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Cutaneous Ulcers as Initial Presentation of Localized Granulomatosis with Polyangiitis: A Case Report and Review of the Literature.

Nasir N, Ali SA, Mehmood Riaz HM - Case Rep Rheumatol (2015)

Bottom Line: Conclusion.In the absence of typical manifestations, granulomatosis with polyangiitis (GPA) is indeed a diagnostic challenge to the physician.Atypical manifestations like unexplained recurrent fever and cutaneous ulcers nevertheless call for keeping a low threshold for the diagnosis of GPA as the disease can initially present in localized form before heralding into a generalized disease.

View Article: PubMed Central - PubMed

Affiliation: Section of Internal Medicine, Department of Medicine, The Aga Khan University Hospital, P.O. Box 3500, Stadium Road, Karachi 74800, Pakistan.

ABSTRACT
Background. Granulomatosis with polyangiitis (GPA) is an ANCA associated small vessel vasculitis characterized by necrotizing granulomatous inflammation involving the upper and the lower respiratory tract and the kidneys. The disease has a broad clinical spectrum that ranges from limited/localized involvement of a single organ system to a generalized systemic vasculitis that affects several organs with evidence of end organ damage. Atypical forms of the disease have been recognized with or without respiratory tract involvement with a long protracted course before manifesting as generalized disease. Case Presentation. We describe a 57-year-old woman who presented with recurrent fever and cutaneous ulcers on her legs who was diagnosed to have granulomatosis with polyangiitis (GPA) after an extensive evaluation which excluded infectious, other vasculitides, connective tissue disease and malignant etiologies. Conclusion. In the absence of typical manifestations, granulomatosis with polyangiitis (GPA) is indeed a diagnostic challenge to the physician. Atypical manifestations like unexplained recurrent fever and cutaneous ulcers nevertheless call for keeping a low threshold for the diagnosis of GPA as the disease can initially present in localized form before heralding into a generalized disease.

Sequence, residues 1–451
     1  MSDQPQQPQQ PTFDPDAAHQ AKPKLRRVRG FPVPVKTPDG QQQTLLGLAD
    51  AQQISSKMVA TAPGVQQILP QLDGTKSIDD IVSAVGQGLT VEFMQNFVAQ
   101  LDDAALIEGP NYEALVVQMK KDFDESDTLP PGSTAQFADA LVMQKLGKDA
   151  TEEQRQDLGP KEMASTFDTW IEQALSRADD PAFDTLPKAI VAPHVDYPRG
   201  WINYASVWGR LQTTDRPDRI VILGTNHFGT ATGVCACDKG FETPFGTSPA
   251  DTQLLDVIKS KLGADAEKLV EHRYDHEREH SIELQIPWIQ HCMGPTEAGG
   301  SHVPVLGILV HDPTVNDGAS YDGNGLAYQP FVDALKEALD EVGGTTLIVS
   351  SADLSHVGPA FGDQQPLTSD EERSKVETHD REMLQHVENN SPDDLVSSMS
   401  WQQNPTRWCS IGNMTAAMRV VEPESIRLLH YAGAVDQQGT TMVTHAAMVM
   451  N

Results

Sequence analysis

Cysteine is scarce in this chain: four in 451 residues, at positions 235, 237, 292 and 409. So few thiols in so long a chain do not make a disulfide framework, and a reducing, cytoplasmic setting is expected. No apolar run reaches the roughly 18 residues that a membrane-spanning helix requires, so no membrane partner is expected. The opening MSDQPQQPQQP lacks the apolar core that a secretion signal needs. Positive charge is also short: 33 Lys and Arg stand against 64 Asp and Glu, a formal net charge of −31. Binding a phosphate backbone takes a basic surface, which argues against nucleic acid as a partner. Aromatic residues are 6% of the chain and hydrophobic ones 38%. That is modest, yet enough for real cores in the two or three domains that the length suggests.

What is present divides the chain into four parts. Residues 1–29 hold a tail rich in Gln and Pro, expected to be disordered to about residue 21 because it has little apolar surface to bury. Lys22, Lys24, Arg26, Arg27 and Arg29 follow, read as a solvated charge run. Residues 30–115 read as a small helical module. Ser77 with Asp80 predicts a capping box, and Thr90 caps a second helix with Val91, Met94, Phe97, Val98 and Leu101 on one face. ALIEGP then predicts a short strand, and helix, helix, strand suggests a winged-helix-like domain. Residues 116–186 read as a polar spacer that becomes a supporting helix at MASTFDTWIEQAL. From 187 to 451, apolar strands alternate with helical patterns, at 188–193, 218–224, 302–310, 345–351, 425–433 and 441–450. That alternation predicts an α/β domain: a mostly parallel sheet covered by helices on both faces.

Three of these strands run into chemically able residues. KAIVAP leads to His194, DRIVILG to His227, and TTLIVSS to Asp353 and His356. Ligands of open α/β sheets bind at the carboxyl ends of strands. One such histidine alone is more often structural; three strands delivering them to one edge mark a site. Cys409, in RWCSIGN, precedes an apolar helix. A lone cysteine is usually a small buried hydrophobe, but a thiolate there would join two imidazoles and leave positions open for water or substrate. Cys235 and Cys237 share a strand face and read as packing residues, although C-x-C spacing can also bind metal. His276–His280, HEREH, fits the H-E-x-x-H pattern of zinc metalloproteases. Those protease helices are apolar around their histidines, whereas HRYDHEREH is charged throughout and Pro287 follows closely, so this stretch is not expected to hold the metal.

No MeSH data available.


Related in: MedlinePlus

Initial lesion: erythematous nodule on right shin.
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fig1: Initial lesion: erythematous nodule on right shin.

Mentions: A 57-year-old woman presented to the rheumatology clinic with recurrent fever and painful ulcers on her legs since two months. Eight months prior to current presentation, she developed vertigo and decreased hearing in her left ear which she felt was “full of air” all the time. She was found to have sensorineural deafness in her left ear. Two weeks later, she developed fever with chills. A chest radiograph revealed infiltrates in her right lung and an elevated ESR. She was treated with oral antibiotics which relieved her symptoms. Then she developed gingival hypertrophy and a CT scan of the paranasal sinuses revealed subcutaneous soft tissue thickening of the right buccal area suggestive of an inflammatory process. She was treated with ibuprofen and felt better. Her past medical history was notable for hypothyroidism for 20 years and she as well was maintained on 50 mcg of thyroxin daily. She had undergone hysterectomy for uterine fibroids 15 years ago. She reported no recent travel history. Of note, she revealed contact with sick animals. She nursed her paralyzed pet dog and also had cats. She was treated with antibiotics yet continued to spike fever and came to our center for comprehensive evaluation. On examination, she appeared weak and ill. The temperature was 37.5°C, the blood pressure 139/69 mm Hg, the pulse 78 beats per minute, and the respiratory rate 16 breaths per minute, with 99% oxygen saturation at room air. Erythematous tender nodules were noticed on bilateral lower extremities (Figure 1).